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Roman Europe - ARC00098M

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  • Department: Archaeology
  • Module co-ordinator: Prof. Maureen Carroll
  • Credit value: 20 credits
  • Credit level: M
  • Academic year of delivery: 2021-22

Module summary

This module traces the development and physical manifestation of Rome as a world city and superpower in the Republican and Imperial periods. It investigates public and private architecture, physical mobility, social structure, religious practices, economic exchanges, and ethnic and cultural identities in Italy, the Mediterranean, continental Europe, and Britain.

Module will run

Occurrence Teaching period
A Autumn Term 2021-22

Module aims

  • To introduce students to current archaeological debates about Roman Europe

  • To critically evaluate different types of archaeological and historical evidence for the ideological, political and cultural development of Rome and to explore its impact on provincial societies

  • To explore a range of themes related to Rome and its place within the ancient world

  • To develop research, analytical and presentation skills

Module learning outcomes

By the end of the module the students will be able to:

  • Demonstrate a detailed knowledge of the diversity of Roman culture and its expression in Italy, the Mediterranean and Europe

  • Critically assess primary data of different types, including those drawn from material culture, documentary sources, iconographic representations, and archaeological science

  • Demonstrate awareness of the archaeology of Roman sites and monuments, as exemplified in a selection of case studies

  • Analyse and reflect critically upon a range of interpretations of archaeological and historical evidence

  • Present ideas confidently in discussion and debate

  • Work with a team to create projects 

  • Convey complex ideas in an analytical framework through essay writing 

Module content

This module traces the development and physical manifestation of Rome as a world city and superpower in the Republican and Imperial periods. It investigates the architectural evidence for the transformation of public spaces in communities in Italy, the Mediterranean, continental Europe, and Britain in emulation of Rome. The module explores the Roman family as the essential building block of Roman society, and it investigates class structure and the ways in which power was expressed and maintained by the elite and the middle classes through benefaction, patronage, and religious practices. It explores population mobility and the relationship between the inhabitants at the centre of empire and the provinces, the implications of social mobility, and the visual and material expression of cultural and ethnic identities, in life and in death. Domestic architecture is examined as a forum for social interaction and status display. Trade, commerce and economic connectivity between Rome and its near and distant neighbours are evaluated through the study of transport networks and the material remains of commodities exchanged. The module is interdisciplinary and integrates primary data of different types (artefactual, pictorial, documentary, epigraphic, scientific). The module will explore key Roman sites in Italy, including Rome, Ostia/Portus, Pompeii, and Herculaneum, and sites in Gaul, Germany, Britain, and Spain. Teaching will comprise lectures and seminars with student input and discussions.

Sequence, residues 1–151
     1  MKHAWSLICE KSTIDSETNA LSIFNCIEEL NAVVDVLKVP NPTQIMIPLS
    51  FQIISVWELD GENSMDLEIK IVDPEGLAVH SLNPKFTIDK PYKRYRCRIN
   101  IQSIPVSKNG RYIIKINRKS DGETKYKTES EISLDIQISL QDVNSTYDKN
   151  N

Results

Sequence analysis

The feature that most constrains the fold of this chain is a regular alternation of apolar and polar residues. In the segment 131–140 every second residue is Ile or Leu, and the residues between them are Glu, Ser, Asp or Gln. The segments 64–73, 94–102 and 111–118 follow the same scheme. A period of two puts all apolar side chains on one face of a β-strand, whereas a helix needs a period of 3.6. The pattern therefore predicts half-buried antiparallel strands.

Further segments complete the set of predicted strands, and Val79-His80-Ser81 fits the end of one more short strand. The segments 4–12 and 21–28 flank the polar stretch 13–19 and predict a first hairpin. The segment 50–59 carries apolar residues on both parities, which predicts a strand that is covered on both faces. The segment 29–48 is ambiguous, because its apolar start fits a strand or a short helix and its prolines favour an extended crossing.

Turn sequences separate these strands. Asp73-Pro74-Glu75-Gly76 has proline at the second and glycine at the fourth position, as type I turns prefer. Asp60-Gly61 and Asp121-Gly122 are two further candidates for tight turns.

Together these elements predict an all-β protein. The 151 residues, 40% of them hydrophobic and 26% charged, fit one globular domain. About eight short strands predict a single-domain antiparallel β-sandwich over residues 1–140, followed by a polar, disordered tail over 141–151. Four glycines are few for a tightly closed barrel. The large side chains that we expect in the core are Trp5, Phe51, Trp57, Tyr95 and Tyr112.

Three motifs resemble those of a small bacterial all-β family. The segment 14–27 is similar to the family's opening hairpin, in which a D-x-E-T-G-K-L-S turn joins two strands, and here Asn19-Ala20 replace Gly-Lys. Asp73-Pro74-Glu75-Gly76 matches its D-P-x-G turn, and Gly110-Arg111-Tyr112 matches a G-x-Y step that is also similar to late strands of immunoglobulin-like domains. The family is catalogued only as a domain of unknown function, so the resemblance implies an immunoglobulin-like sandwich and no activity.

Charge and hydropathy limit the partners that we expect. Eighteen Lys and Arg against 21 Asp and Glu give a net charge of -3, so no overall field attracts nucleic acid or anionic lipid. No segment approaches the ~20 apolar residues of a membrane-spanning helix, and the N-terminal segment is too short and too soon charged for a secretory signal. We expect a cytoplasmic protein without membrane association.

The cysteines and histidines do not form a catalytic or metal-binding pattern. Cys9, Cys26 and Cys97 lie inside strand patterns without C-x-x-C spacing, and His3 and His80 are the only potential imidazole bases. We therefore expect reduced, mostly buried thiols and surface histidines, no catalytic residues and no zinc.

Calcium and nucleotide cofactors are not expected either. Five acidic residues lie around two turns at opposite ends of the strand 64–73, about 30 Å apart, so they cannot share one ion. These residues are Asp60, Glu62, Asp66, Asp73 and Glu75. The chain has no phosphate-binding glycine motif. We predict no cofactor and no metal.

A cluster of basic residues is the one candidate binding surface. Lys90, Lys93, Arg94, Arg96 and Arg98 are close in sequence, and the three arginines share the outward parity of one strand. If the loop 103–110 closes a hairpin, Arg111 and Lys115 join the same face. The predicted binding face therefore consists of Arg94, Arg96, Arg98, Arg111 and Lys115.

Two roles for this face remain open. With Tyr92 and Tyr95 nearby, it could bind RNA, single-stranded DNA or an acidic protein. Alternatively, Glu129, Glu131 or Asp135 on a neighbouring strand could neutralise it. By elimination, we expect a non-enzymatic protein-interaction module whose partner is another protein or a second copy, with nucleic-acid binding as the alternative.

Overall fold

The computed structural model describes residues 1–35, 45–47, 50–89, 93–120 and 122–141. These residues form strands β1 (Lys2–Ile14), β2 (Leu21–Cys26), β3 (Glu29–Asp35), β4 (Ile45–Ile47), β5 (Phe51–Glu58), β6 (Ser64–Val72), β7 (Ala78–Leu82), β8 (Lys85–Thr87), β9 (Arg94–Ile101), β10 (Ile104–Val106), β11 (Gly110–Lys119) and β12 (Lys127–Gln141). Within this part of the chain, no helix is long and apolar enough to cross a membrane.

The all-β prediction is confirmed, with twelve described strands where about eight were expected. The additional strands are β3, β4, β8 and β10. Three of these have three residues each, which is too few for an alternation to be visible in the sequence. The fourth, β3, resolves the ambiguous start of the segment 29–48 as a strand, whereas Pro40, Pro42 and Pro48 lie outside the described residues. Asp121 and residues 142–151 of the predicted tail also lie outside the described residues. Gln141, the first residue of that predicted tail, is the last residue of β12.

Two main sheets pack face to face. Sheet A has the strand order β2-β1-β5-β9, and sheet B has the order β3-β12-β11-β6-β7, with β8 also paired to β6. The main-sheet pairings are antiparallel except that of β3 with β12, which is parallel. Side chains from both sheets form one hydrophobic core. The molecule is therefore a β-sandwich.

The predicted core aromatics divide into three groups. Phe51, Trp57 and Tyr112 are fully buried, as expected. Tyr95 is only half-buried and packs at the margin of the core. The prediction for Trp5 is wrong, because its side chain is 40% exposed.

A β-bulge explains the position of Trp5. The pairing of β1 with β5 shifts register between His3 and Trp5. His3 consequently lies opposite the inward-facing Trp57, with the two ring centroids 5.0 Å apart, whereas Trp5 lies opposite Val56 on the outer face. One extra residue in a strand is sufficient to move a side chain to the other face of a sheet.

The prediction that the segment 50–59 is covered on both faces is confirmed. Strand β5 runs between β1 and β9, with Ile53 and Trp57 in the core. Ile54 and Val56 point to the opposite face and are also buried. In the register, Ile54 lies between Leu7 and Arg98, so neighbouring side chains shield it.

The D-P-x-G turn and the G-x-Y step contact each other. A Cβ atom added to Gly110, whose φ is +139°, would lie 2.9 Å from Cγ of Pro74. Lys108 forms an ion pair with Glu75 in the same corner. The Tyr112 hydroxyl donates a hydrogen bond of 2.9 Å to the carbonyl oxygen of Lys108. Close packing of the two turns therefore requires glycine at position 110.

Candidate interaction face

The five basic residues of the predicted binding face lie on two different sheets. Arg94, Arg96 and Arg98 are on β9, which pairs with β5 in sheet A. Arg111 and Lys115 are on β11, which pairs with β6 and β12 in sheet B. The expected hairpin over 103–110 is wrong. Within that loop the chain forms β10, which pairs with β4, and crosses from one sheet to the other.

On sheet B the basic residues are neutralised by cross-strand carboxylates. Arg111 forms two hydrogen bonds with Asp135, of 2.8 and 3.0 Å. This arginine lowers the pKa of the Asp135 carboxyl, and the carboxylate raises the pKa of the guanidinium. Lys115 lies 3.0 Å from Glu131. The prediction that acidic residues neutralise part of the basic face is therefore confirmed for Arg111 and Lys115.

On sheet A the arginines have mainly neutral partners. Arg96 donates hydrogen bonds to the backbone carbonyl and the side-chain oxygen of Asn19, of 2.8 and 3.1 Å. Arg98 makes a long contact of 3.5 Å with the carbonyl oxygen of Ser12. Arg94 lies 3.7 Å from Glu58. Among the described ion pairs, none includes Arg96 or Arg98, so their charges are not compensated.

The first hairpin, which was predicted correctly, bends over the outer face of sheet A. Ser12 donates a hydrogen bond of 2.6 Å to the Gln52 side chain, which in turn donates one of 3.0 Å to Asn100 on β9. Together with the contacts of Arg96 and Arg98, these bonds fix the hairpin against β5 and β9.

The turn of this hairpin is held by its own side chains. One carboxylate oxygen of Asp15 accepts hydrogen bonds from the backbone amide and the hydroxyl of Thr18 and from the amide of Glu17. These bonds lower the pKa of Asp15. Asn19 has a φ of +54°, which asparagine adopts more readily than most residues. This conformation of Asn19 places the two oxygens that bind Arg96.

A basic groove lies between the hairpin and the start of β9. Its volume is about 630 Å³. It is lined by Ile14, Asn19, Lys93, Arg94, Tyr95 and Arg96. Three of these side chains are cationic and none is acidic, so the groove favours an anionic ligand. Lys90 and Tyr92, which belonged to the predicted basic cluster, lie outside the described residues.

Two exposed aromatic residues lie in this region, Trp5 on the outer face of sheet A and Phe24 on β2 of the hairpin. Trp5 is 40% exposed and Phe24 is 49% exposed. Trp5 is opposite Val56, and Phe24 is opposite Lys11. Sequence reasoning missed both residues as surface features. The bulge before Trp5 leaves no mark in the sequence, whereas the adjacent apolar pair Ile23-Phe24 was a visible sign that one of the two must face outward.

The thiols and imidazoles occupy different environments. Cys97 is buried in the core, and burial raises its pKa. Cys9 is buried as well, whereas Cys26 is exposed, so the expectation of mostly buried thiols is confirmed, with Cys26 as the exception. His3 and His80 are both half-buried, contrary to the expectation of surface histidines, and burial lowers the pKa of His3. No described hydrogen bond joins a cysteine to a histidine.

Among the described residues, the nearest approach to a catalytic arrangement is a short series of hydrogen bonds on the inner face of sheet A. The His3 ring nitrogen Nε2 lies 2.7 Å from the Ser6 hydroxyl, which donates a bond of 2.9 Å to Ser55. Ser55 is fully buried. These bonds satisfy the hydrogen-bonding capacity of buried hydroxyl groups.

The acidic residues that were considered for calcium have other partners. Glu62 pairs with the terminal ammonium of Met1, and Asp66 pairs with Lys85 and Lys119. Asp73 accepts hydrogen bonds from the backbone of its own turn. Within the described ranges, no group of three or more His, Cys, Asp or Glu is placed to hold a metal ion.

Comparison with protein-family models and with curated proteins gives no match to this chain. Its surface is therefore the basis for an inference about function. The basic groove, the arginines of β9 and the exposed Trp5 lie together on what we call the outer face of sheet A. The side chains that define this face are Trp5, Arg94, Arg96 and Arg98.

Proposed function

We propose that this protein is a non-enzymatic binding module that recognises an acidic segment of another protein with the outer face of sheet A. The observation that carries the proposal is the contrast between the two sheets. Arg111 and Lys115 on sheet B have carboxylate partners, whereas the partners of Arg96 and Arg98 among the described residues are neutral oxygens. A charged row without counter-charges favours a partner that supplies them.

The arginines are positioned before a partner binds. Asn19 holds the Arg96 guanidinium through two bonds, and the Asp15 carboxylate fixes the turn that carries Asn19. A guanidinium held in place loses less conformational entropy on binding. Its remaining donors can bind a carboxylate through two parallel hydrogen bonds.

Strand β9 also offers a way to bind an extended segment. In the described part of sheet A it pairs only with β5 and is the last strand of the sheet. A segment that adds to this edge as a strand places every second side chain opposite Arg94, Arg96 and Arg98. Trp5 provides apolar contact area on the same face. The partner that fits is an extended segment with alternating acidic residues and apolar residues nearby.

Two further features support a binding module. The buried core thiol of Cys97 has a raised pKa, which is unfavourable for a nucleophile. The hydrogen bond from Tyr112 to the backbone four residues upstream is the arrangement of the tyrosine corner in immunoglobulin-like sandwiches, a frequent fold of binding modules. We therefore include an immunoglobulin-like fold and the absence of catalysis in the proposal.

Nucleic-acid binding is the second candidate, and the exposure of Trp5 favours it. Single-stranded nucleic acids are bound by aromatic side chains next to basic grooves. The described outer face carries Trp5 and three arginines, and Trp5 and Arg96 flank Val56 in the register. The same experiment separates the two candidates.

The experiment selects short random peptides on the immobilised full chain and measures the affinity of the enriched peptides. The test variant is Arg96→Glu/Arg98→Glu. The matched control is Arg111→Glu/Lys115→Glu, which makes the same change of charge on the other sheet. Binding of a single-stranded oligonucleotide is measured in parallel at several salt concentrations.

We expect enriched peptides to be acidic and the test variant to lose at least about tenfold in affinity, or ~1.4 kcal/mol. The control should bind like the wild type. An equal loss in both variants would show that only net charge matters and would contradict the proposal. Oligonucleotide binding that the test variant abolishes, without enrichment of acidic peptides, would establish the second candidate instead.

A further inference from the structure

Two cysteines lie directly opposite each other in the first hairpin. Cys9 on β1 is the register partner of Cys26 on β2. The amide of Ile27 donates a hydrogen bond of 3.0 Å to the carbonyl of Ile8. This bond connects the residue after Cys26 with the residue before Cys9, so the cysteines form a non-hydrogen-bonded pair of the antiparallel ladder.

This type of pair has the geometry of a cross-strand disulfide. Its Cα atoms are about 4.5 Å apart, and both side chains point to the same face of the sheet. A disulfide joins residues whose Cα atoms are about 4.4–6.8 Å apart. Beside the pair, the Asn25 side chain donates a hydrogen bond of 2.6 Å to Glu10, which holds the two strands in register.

Task Length % of module mark
Essay 3500 words
N/A 100

Special assessment rules



Task Length % of module mark
Essay 3500 words
N/A 100

Module feedback

Written and verbal feedback within 6 weeks.

Indicative reading

S. Bell and T. Ramsby (eds) (2012). Free at Last! The impact of freed slaves on the Roman empire. London: Bloomsbury

A.E. Cooley (ed.) (2002). Becoming Roman, Writing Latin? Literacy and Epigraphy in the Roman West (JRA Supp. 48). Portsmouth: Journal of Roman Archaeology

L. de Ligt and L.E. Tacoma (eds) (2016). Migration and Mobility in the Early Roman Empire. Leiden 2016

C. Edwards and G. Woolf (eds) (2003). Rome the Cosmopolis. Cambridge: Cambridge University Press

S. Keay and N. Terrenato (2001). Italy and the West. Comparative Issues in Romanization. Oxford: Oxbow

R. Laurence and J. Berry (eds) (1998). Cultural Identity in the Roman Empire. London: Routledge

K. Lomas and T. Cornell (eds) (2003). Bread and Circuses. Euergetism and Municipal Patronage in Roman Italy. London: Accordia

E. Poehler, M. Flohr and K. Cole (eds) (2011). Pompeii. Art, Industry and Infrastructure. Oxford: Oxbow

D. Robinson and A. Wilson (eds) (2011). Maritime Archaeology and Ancient Trade in the Mediterranean. Oxford: Oxbow

T. Stek (2009). Cult Places and Cultural Change in Republican Italy: A Contextual Approach to Religious Aspects of Rural Society after the Roman Conquest. Amsterdam: University of Amsterdam Press

A. Wallace-Hadrill (2008). Rome’s Cultural Revolution. Cambridge: Cambridge University Press

A. Wilson and M. Flohr (eds) (2016). Urban Craftsmen and Traders in the Roman World. Oxford: Oxford University Press

The information on this page is indicative of the module that is currently on offer. The University is constantly exploring ways to enhance and improve its degree programmes and therefore reserves the right to make variations to the content and method of delivery of modules, and to discontinue modules, if such action is reasonably considered to be necessary by the University. Where appropriate, the University will notify and consult with affected students in advance about any changes that are required in line with the University's policy on the Approval of Modifications to Existing Taught Programmes of Study.